SAN MATEO (04/04/2000) - BroadVision Inc. and Sun Microsystems Inc. expanded their existing five-year partnership on Monday, teaming up to develop a set of e-commerce applications based on J2EE (Java 2 Enterprise Edition) technology.
Combining design, engineering, and technical resources as well as marketing forces, the two companies will work to incorporate J2EE functionality into BroadVision applications.
BroadVision also unveiled One-To-One Enterprise 5.0, the next iteration of BroadVision's relationship management system for personalized e-business, which now includes Java and XML support. According to Karen Allman, senior product manager at BroadVision, One-To-One Enterprise 5.0 started shipping last week.
"In this release, we have brought to the BroadVision environment support for Java and Java components," Allman said. "Our customers who wish to leverage their Java programming skills can now do that in the BroadVision environment, getting to market faster, delivering products, and configuring and customizing their system quicker."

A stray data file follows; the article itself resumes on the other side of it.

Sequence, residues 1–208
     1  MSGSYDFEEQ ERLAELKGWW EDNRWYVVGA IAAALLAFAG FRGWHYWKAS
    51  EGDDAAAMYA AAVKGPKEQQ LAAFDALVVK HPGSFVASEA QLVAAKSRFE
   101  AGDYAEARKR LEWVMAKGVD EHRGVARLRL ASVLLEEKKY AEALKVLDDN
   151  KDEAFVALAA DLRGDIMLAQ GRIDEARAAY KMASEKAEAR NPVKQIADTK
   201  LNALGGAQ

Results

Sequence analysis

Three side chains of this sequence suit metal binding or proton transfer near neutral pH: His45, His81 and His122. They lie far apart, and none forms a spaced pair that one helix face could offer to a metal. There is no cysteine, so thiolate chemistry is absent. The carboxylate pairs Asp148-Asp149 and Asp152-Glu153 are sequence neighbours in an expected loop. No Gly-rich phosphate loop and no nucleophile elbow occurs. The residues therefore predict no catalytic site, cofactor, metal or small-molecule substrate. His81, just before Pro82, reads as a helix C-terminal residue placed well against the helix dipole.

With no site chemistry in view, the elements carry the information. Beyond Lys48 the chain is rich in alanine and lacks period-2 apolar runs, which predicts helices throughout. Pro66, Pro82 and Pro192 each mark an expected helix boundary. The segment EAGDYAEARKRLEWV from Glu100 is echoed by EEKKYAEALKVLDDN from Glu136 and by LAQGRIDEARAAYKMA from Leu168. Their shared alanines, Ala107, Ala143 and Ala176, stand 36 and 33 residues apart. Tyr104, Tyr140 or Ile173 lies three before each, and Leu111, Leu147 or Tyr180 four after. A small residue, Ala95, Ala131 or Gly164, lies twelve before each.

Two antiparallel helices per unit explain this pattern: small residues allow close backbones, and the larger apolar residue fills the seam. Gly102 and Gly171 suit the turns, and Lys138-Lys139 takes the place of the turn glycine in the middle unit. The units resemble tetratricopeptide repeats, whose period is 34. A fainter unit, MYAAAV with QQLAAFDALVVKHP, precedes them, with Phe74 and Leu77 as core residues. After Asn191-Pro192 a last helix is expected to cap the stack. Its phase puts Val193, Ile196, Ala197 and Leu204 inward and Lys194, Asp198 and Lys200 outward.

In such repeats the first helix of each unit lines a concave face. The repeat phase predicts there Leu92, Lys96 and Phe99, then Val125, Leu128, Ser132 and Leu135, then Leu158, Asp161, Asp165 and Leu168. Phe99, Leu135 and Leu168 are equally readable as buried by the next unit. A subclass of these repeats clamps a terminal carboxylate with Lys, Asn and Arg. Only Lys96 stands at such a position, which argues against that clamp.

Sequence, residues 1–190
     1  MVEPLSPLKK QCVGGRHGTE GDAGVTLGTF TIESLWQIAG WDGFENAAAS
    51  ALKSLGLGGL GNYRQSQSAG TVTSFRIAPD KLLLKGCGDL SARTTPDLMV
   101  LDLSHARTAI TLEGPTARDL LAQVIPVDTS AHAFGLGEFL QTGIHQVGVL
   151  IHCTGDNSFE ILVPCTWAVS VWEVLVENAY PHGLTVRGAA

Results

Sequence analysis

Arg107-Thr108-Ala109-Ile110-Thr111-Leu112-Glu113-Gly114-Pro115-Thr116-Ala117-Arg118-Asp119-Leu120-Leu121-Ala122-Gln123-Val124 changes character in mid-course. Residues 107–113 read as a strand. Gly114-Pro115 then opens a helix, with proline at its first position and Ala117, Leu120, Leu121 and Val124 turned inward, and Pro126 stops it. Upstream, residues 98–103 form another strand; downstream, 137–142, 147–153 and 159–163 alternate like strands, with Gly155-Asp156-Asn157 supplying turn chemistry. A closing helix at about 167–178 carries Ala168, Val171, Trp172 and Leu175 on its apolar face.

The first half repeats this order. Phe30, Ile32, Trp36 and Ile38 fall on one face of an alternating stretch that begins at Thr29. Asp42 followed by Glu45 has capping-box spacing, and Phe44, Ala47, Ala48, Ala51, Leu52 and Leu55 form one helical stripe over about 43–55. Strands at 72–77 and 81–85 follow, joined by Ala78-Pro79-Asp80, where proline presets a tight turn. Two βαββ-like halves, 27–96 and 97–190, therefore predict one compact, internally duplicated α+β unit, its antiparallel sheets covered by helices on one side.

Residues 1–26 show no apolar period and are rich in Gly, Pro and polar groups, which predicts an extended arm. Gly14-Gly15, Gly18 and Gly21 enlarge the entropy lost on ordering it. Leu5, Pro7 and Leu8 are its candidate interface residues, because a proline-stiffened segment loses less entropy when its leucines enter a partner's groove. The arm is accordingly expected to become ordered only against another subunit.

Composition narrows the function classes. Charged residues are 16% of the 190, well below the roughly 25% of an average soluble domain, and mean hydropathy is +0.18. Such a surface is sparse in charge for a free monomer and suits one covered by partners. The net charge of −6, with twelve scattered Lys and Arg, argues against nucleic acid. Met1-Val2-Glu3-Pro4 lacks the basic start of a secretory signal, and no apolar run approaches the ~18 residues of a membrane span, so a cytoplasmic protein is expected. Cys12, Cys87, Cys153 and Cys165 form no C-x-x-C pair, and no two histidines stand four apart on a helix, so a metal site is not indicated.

BroadVision applications and technical resources will also make an appearance in Sun's dot-com competency centers, where companies can map out their online strategies before committing to a certain scenario, but the One-To-One solutions will remain the focus of the Sun-BroadVision joint efforts.
"[Additions to One-To-One] will include Java and Java-related technologies, the JVM [Java Virtual Machine], as well as moving toward J2EE compliance for the applications," said Reed Hornberger, senior director of e-commerce market development at Sun. "We also see a lot of opportunities in the future with wireless, and the goal of our relationship is to take the rich feature set BroadVision has developed with their current application suite and deliver that beyond the desktop onto wireless devices."
Sun Microsystems Inc., in Palo Alto, California, is at www.sun.com. BroadVision Inc., in Redwood City, California, is at www.broadvision.com.
Stephanie Sanborn is an InfoWorld reporter.